Africa’s economies are set to get a boost from tighter integration with or without Brexit

Coming together.
Coming together.
Image: Reuters/Tiksa Negeri
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The African Union (AU) is holding its 27th summit in Kigali, Rwanda this week in the wake of the United Kingdom’s referendum decision to withdraw from the European Union. The outcome of last month’s referendum  has sent seismic waves across Africa. Many observers have focused on the negative short-term damage to African economies.

Others, however, suggest that Brexit is likely to unravel the African Union (AU). Even more extreme is the view that the AU should be dissolved because the continent has mindlessly mimicked western institutions.

These claims are as devoid of sound reasoning as they are historically unfounded. It is true that there are some analogies between the EU and the African Union. However, Africa’s regional integration is designed specifically to avoid the pitfalls of Brexit-like scenarios.

First, Africa has a much longer history of regional economic integration than Europe, some of which goes back to the colonial period. Africa’s first tripartite trade arrangement was the Luba-Lunda-Kazembe network that thrived between 15th and 19th centuries. It spanned central Africa and connected the Atlantic and Indian oceans.

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Africa has also known and managed Brexit-like events. East African nations created a post-independence federation comprising of Kenya, Uganda and Tanzania. The European Economic Community in its early days endeavored to learn lessons from its successes. It collapsed in 1977 and was revised in 2000 as the East African Community (EAC) with new objectives adjusted to suit contemporary realities.

Those arguing that Africa’s fate is tied to European experiences have it backward. It is Europe that might in fact learn some lessons from Africa’s longer history of regional integration. The EU was founded on a negative agenda of seeking to prevent another war. It was a containment measure that was gradually adjusted to achieve other objectives.

Africa’s regional integration efforts have been shaped by the positive idea of pan-Africanism that recognizes the need to build on local and national identities while strengthening continental and global networks. This is illustrated by the creation of a single electronic passport to foster movement of Africans while retaining sovereign boundaries.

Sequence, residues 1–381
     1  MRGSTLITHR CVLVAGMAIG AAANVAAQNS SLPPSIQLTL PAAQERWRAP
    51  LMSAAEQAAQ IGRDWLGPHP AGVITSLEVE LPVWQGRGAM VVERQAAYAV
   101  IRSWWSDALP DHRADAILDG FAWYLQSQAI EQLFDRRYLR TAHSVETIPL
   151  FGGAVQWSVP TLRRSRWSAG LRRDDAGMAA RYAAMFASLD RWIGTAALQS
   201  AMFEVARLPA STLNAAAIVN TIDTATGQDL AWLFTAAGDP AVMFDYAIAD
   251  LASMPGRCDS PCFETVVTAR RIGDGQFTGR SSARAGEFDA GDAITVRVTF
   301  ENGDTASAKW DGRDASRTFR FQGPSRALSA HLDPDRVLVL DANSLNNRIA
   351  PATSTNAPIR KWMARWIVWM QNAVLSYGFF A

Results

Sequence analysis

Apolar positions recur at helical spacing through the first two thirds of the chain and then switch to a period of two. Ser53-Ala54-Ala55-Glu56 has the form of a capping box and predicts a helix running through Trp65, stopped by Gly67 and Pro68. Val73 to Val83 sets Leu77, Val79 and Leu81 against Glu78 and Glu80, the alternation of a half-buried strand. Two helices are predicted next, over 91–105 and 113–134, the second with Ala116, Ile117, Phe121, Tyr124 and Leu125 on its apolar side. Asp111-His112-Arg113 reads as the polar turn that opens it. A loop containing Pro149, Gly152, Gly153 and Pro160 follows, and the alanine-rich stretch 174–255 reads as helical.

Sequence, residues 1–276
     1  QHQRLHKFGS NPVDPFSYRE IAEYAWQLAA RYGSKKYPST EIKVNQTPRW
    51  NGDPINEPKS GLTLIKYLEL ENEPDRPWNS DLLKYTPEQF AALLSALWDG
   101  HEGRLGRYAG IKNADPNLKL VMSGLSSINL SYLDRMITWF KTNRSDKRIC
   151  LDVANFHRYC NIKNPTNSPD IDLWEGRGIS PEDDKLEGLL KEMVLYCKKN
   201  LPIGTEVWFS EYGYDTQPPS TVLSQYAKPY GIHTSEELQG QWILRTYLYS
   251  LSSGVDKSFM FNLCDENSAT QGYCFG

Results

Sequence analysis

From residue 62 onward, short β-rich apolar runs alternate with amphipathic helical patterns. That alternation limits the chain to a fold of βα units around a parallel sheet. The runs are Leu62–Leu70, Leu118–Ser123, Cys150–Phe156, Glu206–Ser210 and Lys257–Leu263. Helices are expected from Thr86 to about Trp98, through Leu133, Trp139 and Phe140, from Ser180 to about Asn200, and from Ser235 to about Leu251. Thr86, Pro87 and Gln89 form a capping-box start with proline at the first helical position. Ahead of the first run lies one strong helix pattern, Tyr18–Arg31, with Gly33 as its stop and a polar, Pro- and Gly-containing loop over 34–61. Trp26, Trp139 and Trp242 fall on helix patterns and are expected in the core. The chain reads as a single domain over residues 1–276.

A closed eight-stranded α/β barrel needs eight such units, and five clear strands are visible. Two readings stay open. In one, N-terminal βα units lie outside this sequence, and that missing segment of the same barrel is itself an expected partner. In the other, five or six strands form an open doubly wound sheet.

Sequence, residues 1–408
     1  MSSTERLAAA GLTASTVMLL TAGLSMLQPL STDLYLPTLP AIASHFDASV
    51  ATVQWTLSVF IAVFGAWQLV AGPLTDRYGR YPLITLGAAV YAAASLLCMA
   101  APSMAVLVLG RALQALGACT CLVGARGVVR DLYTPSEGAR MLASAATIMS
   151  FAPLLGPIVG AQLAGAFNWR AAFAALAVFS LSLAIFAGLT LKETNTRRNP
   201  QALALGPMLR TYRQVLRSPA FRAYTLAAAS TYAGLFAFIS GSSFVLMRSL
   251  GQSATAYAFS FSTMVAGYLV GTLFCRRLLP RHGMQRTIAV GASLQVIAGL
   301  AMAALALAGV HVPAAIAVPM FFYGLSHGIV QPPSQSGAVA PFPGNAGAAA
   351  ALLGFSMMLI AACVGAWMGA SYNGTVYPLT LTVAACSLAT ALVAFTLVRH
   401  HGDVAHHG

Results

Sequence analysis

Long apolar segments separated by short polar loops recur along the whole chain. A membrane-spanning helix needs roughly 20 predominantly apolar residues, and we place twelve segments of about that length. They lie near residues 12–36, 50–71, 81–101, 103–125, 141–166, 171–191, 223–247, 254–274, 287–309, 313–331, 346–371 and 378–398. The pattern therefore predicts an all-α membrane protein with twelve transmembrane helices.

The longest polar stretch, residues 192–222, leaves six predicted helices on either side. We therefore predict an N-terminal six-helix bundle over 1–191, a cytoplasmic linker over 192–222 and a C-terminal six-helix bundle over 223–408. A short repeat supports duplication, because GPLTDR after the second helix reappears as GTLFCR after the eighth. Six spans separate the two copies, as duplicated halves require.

Africa has learned a lot from the last few decades of economic dogma. The continent stood firm against the excesses of neoliberalism when it rained havoc on nascent nations. Despite western bullying, Africa evolved its approach to regional integration with three planks: trade liberalization, industrial development and infrastructure connectivity. Underlying the three lay a moral claim to pan-Africanism that was expressed in the ability of regional economic communities to serve as the building blocs for a continental market.

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Africa has also rejected the traditional view that economies grow in a linear way from agriculture to industry to services. To the contrary, Africa has adopted a system-wide approach that builds on agriculture and radiates horizontally to include other industries. This approach is based on the humanistic view that nearly 70% of the African population derives its livelihood from agriculture..

Agricultural development through increased productivity and infrastructure that links rural areas to national, regional and global markets will remain a priority for prosperity. Additional measures needed to achieve food and nutrition security include empowering women though access to farm technologies, relevant education and secure land rights. Economic integration in Africa is an intergovernmental process, leaving the decision-making powers in the hands of governments, exercised through policy guidance bodies such as the summits and the ministerial meetings. At face value this may resemble the unaccountable EU Commission in Brussels. But in reality it is shaped by the interest of nation states.

For example, the EAC and the EU negotiated an Economic Partnership Agreement that was meant to serve as the successor to post-colonial trade agreements. However, Tanzania has decided to withdraw from the pact saying that it undermined its aspirations to build its nascent industries. The move may be interpreted as Tanzania’s cautious approach to regional integration. But fundamentally, the withdrawal demonstrates Africa’s interest to shape its global economic diplomacy through industrial development and not the traditional focus on export of raw materials.

Africa’s economic integration is projected to be achieved by 2028 through a series of stages that are complemented with programs which address short-term revenue shortfalls arising from elimination of customs duties. They also include capacity building for governments and economic operators to enable them to participate effectively in regional trade and subsequently in international markets. Regional bodies such as the Common Market for Eastern and Southern Africa (COMESA) have set aside funds to support short-term adjustments by countries to long-term regional integration.

It is true that the turmoil arising from Brexit will affect African countries by virtue of their growing participation in the global economy. But doomsters are wrong to imply that this is because Africa has been aping Europe in designing its continental institutions.

Africa will continue to learn from the rest of the world as it seeks to shape its 50-year Agenda 2063 outlined by the AU. But as evidence shows, Africa is emerging as an important source of lessons on how to act locally and network globally. The continent is leading in defining a new age of glocalization.